Today, Automotives starts a four-part series on the driver requirements and training methods of quick-response vehicles. Sirens wailing and lights flashing, these vehicles have a commanding presence on the road, clearing all out of their way as they rush to the scene of the emergency. Clearly, a very high level of driver competence is required - but it does not come overnight. We start with the biggest of Jamaica's emergency response vehicles, the fire truck.
Sheldon Williams, Gleaner Writer
With the heaviest vehicle in its fleet weighing 68,560 pounds (approximately 32 tonnes), including a massive boom that extends 104 feet in the air at full stretch, the Jamaica Fire Brigade has to move as quickly as possible to the scene of a fire. To complicate matters, the drivers have to watch out for obstructions from above; the distance from the truck's tyre to the boom on top is 13 feet, this on a vehicle 44 feet long.
There are smaller units. The pumper, which has six wheels, is the regular unit dispatched to combat a fire. On the other hand, the largest unit - the hydraulic platform or turntable ladder or 9-4 - has 10 wheels with the boom on top. It also has a built-in water tank.
Manoeuvering any of the units over long distances on roads which are often filled with traffic is obviously not easy. Still, fire truck drivers are entrusted with transporting crews and equipment rapidly, yet safely, as the brigade lives up to its motto 'Saving Lives, Protecting Property'. Then, once the emergency vehicle arrives at the required location they have additional duties to perform.
Deputy Commissioner of the Jamaica Fire Brigade, Raymond Spencer, told Automotives that, contrary to popular belief "the same training that is given to someone outside of the service is the similar training one is given inside the service You do the normal driver training as the man on the street normally does The only difference is the wailing signal so that the person in distress can know that we are coming and motorists who know the rules of the road will pull aside and allow you free passage."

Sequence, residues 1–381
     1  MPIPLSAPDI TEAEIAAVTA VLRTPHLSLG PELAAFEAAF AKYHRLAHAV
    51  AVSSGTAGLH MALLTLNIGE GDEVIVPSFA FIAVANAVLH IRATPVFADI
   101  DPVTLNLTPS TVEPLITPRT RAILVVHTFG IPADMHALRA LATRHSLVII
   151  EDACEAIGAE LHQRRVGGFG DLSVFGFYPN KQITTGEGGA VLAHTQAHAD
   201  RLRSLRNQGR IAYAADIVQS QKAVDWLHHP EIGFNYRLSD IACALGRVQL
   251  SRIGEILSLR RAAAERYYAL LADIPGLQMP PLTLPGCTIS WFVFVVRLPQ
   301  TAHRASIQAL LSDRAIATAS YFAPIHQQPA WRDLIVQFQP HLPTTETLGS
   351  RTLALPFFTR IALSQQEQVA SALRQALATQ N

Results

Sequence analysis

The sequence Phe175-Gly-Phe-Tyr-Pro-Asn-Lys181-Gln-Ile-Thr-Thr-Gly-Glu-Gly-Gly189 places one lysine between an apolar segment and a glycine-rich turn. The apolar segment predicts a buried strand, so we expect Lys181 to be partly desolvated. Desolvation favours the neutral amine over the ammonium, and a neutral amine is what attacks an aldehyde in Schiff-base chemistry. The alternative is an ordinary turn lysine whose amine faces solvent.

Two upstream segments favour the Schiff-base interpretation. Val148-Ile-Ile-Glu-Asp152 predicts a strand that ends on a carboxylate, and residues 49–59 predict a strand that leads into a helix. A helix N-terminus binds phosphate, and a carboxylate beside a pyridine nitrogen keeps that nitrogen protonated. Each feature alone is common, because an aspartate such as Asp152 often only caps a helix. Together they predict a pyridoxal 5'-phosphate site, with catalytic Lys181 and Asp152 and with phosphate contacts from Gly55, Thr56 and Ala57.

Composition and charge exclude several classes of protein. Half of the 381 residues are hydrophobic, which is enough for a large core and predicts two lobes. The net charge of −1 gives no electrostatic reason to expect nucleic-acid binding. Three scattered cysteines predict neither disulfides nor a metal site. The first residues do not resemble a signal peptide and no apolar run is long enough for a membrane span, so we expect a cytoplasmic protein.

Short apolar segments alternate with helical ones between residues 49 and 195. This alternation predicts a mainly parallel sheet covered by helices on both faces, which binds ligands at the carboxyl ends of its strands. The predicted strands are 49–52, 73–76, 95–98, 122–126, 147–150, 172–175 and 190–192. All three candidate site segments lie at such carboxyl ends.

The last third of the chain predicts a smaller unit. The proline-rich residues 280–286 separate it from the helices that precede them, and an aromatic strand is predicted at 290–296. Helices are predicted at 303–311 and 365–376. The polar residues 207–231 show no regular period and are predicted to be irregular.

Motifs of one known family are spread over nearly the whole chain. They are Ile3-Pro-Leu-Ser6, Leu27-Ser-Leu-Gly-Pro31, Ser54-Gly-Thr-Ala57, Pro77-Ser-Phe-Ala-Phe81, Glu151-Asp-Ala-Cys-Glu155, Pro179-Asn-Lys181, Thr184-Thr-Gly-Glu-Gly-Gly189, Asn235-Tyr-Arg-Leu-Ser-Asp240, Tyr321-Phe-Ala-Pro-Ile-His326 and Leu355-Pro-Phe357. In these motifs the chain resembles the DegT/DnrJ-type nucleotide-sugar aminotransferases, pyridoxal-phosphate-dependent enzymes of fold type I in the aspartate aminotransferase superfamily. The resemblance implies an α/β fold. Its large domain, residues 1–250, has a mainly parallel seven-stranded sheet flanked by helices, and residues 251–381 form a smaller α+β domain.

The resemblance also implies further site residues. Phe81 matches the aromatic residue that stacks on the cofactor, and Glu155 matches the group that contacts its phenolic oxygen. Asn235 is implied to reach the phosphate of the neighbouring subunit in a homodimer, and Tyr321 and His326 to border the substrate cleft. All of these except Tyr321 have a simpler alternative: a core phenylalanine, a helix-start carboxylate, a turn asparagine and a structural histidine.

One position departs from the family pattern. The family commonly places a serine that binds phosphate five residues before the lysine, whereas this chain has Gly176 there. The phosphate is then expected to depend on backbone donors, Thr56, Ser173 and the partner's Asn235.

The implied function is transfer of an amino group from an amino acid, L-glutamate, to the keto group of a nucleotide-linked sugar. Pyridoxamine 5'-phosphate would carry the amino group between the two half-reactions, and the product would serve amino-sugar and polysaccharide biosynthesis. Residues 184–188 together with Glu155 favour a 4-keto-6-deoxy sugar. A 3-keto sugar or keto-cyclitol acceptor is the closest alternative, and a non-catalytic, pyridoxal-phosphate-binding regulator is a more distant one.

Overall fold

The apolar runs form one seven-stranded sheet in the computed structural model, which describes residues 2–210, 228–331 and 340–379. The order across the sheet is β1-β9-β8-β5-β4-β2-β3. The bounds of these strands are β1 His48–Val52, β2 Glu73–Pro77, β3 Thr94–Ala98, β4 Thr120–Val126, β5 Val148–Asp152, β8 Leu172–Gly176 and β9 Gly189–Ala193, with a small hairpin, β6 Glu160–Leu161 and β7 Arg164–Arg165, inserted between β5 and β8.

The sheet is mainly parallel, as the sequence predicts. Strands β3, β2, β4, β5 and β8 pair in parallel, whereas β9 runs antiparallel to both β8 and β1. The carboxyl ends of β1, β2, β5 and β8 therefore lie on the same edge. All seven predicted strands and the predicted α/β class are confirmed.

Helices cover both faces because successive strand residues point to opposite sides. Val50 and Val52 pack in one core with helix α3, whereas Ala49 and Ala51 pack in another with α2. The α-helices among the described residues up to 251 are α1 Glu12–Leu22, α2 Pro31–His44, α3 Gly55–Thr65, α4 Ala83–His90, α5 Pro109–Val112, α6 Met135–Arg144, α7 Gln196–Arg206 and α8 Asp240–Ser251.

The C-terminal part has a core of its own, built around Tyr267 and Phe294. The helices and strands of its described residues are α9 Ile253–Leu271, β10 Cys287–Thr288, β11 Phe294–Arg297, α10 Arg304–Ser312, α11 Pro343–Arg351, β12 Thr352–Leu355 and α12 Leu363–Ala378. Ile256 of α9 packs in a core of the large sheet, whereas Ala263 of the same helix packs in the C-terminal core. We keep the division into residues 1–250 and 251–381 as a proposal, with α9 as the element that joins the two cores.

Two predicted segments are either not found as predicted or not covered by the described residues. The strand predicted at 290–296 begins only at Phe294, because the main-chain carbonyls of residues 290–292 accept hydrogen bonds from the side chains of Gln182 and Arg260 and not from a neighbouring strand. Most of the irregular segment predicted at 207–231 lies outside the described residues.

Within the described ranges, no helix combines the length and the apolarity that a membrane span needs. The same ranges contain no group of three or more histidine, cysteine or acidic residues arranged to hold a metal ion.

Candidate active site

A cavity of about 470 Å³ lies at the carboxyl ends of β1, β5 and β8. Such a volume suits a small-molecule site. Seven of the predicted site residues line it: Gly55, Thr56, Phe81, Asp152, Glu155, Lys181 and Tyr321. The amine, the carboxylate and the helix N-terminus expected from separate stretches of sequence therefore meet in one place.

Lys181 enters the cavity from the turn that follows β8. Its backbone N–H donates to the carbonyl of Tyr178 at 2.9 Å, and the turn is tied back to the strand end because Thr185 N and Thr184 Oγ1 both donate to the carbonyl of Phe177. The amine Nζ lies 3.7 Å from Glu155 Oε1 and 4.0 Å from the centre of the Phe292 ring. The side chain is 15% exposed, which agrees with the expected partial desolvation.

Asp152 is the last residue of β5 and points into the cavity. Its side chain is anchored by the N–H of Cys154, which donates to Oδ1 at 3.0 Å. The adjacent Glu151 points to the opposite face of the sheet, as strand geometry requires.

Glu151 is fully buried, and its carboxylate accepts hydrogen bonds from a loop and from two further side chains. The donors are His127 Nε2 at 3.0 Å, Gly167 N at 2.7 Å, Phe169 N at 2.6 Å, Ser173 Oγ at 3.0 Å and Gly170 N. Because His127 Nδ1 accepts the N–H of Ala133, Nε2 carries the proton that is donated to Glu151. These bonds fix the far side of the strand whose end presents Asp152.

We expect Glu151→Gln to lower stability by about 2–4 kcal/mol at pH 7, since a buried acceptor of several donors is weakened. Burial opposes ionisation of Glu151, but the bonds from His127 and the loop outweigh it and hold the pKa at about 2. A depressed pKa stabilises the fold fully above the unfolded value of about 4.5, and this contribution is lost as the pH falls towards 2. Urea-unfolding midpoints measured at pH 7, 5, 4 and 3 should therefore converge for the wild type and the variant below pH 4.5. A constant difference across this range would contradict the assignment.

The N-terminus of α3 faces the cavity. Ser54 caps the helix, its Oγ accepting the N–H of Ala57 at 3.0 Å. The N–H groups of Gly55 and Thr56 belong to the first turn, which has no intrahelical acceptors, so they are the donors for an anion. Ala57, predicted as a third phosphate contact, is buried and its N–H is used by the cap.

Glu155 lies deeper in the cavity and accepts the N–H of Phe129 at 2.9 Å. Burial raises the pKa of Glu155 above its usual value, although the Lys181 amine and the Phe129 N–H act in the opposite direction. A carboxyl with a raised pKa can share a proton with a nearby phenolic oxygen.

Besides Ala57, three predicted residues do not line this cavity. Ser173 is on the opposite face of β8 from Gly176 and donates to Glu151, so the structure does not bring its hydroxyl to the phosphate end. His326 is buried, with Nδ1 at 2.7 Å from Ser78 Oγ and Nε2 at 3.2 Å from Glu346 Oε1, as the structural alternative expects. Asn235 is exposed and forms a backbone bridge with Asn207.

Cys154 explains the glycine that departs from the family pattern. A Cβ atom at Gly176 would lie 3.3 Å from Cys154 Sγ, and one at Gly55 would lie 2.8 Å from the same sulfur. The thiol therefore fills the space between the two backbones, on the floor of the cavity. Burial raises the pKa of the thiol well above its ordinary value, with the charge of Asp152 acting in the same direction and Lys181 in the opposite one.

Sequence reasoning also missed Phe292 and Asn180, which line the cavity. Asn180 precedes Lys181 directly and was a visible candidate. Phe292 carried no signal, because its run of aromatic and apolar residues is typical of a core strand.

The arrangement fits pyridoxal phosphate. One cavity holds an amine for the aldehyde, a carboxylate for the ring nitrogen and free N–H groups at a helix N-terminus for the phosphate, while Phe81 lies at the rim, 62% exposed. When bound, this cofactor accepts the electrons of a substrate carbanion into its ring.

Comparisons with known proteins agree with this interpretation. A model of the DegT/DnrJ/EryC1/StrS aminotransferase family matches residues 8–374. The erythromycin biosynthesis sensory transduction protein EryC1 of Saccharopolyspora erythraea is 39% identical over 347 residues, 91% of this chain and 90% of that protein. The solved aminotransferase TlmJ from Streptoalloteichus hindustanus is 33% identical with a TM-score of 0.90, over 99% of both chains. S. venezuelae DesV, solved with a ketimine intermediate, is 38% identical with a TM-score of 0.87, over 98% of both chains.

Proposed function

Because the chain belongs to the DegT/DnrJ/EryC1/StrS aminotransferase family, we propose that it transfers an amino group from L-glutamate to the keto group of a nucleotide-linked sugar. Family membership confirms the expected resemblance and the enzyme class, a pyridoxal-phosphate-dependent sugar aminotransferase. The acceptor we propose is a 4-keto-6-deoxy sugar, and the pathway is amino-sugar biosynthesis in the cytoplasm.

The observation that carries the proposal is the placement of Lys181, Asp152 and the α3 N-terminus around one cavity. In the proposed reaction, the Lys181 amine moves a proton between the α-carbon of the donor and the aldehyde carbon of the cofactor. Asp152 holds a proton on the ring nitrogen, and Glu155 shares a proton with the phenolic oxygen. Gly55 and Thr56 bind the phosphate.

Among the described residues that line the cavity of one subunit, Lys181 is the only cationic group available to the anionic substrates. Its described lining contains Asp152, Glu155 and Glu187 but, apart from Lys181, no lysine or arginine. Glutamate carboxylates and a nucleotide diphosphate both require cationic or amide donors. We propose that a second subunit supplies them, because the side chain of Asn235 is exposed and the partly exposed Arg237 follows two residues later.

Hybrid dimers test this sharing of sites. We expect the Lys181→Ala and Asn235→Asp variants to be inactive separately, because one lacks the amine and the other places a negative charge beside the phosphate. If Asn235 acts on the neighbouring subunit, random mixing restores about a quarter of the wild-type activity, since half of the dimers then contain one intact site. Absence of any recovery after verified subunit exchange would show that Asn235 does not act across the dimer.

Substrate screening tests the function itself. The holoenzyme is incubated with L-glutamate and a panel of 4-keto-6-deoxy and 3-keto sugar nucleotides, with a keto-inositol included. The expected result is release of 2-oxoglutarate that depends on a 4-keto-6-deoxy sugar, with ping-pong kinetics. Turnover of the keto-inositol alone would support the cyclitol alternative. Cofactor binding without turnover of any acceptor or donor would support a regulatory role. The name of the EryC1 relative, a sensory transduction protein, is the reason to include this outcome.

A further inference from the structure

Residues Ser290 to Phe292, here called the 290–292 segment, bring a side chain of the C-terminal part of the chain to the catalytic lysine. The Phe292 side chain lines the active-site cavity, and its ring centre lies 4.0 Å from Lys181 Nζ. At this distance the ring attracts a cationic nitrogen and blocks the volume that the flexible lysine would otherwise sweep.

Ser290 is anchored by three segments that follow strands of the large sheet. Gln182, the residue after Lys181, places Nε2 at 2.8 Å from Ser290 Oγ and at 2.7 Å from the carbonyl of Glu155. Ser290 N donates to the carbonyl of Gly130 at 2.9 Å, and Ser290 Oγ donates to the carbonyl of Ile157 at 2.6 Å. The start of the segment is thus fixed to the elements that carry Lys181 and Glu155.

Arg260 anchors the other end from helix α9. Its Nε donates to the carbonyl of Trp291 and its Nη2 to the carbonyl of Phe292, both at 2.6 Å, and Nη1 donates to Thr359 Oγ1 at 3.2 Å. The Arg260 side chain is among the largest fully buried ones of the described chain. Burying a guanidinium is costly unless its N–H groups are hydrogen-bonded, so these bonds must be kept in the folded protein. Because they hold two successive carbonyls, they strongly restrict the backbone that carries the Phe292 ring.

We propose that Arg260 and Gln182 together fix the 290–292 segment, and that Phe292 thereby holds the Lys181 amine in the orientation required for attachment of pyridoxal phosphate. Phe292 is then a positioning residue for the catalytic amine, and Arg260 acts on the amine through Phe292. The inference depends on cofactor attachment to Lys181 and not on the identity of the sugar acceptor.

However, Spencer conceded that persons with open licenses and who have operated heavy-duty vehicles such as trailers stand a better chance of becoming a fire truck driver than someone who does not have that experience. "It would be more difficult for someone who has never driven a vehicle before to drive a big haul unit," he said. He noted that the complete preparation time for a trainee driver to become fully competent might be three months and will culminate in him or her being taken to the depot to be tested. "The sooner you learn to maneuver a bigger unit, the sooner you can go to the depot," Spencer said.
Although the Jamaica Fire Brigade has four divisions, training is done mainly in two. "Training is done predominantly in two areas, one and four. The reason is because we only have two trucks to do the driver training. Drivers from areas two and three would have to go to other areas to do the training" Spencer said.
Area One includes Kingston and St Andrew and St Thomas, while Area Two consists of Portland, St Mary, St Ann and Trelawny. St Catherine, Clarendon and Manchester make up Area Three, while St James, Hanover, Westmoreland and St Elizabeth make up Area Four.
District Officer G. Slater of the York Park Fire Station in Kingston, who is also a driving instructor, explained that trainee drivers have to successfully complete both theoretical and practical assessments. According to Slater, " we give them a written test on all of the symbols on the dashboard and controls, and sometimes we just ask them to show us."
"Practical involves pump operation and ladder operation and the entire driving of the truck, because sometimes you get a driver who can already drive the truck but they are not familiar with the entire operation," Slater said. He emphasised that "you have to become a firefighter first, trained to be a firefighter, then you have to apply to the Transport and Fleet Management Division."
However, there are drivers contracted to the Jamaica Fire Brigade who drive the pumpers.
Slater gave Automotives a quick course in the functions of the hydraulic platform, assisted by a team from the York Park Fire Station. As a crew boarded the platform, the driver deployed the outriggers at the sides of the truck, positioning them so that they stood firmly on the ground. The boom was then released and hoisted in the air with a team of three firefighters aboard in a simulation of what actually takes place on some emergency assignments.
A boom may not be required on every assignment. But whether it is cutting motorists from mangled vehicles or climbing through windows into buildings engulfed by raging fire and billows of smoke, firefighters depend on the driver to get them to their assignments quickly - and safely.